Rules for the 2022 Regional Texas Citizen Bee Competition


WHAT IS THE TEXAS CITIZEN BEE?

The Texas Citizen Bee is a statewide civic education program and competition. Regional competitions take place in each educational resource center region and winning students advance to the state competition.  The Sumners Foundation and the Law-Related Education Department of the State Bar of Texas sponsor this program.

ELIGIBILITY

Students who are in the 9th-12th grades.

WHAT DOES THE COMPETITION LOOK LIKE?

Students take a 35-question multiple-choice test covering content from the categories below and then answer one question verbally from each of the following categories. 

    ●  The Constitution
    ●  Documents and Supreme Court Cases
    ●  People/Events
    ●  Civic Values and Skills–Only tested in the written portion of the contest
    ●  Current Events–Topics and range of dates are listed below. This will only be tested in the written portion of the contest.

Students prepare for all levels of competition by utilizing The Texas Citizen Bee Competition Guide,  www.citizenbee.org.

CURRENT EVENTS

Citizen Bee questions in the Current Events category will be based on a number of sources. There are no Competition Guide entries for this category. For the Current Events portion of the Bee, study the following:

    ●  National and world headline news stories from September 1, 2021 through February 15, 2022
    ●  Major actions of Congress from September 1, 2021 to February 15, 2022
    ●  Newsworthy stories related to the President of the United States
    ●  The two U.S. Senators from Texas
    ●  Names of the heads of “the big four” Cabinet departments: State, Defense, Justice, and Treasury
    ●  Major stories concerning the “big four” Cabinet departments
    ●  Major leaders in both houses of the U.S. Congress for 2021 and 2022
    ●  National and Texas elections and politics for 2021 and 2022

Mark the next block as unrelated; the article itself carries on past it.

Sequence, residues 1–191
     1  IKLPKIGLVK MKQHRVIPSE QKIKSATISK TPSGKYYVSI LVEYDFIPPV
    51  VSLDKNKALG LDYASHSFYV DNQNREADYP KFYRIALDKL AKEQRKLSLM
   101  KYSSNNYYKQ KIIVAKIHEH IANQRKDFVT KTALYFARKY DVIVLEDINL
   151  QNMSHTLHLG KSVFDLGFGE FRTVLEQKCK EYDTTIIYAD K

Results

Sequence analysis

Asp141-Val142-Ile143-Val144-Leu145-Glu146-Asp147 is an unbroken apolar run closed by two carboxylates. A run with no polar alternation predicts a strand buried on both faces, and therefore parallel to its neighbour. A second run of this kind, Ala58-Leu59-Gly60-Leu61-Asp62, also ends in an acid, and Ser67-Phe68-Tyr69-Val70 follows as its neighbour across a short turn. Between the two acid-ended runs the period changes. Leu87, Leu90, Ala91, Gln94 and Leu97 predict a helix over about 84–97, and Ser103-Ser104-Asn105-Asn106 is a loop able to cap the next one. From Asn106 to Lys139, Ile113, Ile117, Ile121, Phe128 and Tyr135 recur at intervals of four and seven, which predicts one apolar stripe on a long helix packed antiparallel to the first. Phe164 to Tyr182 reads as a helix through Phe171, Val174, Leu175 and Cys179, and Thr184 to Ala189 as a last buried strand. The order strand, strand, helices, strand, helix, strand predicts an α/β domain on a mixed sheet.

Technology requirements to participate:

    ●  The written test will be conducted using Google Forms. Students will need access to a device (phones, tablet, or laptop) to take the assessment.

    ●  Technology for the oral test (if needed) will be determined by the regional coordinator.

    ●  If a contestant has an issue with these requirements please contact the regional coordinator for assistance.


General Rules:

1.  Each region will determine the virtual or face to face components of the competition and will communicate this to each sponsor
and student.
  * Specific procedures will be sent to registered contestants.

2.  No reference material or electronic retrieval systems may be used during the written and verbal rounds of the competition.

3.  The Written Test includes 35 multiple choice questions from the competition categories listed. Students will have 20 minutes to complete
the written test. The TEN students scoring the highest on the written test will advance to the oral rounds.

4.  The Verbal Question Rounds will require each student to answer one question from each of the following categories:

    ●  People/Events
    ●  Documents and Supreme Court Cases
    ●  Constitution

Students will be able to see the question they are to answer. The student has 45 seconds to answer. After 35 seconds a ten second warning will be given.

The panel of judges will rule on the answer and base their ruling on a student’s first response at the end of the time or when a student answers.  The head judge will raise a Correct sign to indicate a correct answer or an Incorrect sign to indicate an incorrect answer.

If a student answers first, “I don’t know,” but then gives an answer, “I don’t know” will be considered the first response.  The judges cannot ask a student to repeat, clarify, or elaborate an answer.